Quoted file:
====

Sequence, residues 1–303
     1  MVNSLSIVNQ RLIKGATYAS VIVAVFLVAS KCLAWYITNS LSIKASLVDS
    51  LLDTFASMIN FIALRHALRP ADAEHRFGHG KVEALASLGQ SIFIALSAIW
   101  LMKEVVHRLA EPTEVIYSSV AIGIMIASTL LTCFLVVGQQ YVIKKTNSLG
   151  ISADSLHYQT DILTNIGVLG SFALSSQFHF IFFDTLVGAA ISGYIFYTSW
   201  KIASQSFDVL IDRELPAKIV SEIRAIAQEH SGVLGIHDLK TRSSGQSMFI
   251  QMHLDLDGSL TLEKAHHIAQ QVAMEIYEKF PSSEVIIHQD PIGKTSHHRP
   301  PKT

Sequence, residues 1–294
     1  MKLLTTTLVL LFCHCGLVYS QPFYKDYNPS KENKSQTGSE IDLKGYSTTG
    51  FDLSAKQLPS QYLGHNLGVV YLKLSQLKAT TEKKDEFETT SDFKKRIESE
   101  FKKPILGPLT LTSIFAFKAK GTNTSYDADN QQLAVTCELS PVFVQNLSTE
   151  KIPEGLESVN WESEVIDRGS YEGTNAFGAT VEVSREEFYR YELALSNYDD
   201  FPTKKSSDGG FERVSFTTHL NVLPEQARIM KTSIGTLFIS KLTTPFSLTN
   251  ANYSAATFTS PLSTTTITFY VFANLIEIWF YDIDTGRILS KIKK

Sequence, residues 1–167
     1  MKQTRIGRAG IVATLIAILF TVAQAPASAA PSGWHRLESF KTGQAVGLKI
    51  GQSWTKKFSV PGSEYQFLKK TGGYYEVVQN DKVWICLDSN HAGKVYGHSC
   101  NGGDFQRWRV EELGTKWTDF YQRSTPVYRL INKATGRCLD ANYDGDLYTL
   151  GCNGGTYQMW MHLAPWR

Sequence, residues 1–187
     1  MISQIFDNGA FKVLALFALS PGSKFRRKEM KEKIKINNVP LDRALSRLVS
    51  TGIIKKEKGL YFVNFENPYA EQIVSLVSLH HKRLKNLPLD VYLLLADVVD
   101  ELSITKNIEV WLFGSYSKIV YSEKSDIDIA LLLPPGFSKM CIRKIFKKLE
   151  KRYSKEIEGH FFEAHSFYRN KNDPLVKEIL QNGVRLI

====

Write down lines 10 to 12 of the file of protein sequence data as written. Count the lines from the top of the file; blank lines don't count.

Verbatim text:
     1  MKLLTTTLVL LFCHCGLVYS QPFYKDYNPS KENKSQTGSE IDLKGYSTTG
    51  FDLSAKQLPS QYLGHNLGVV YLKLSQLKAT TEKKDEFETT SDFKKRIESE
   101  FKKPILGPLT LTSIFAFKAK GTNTSYDADN QQLAVTCELS PVFVQNLSTE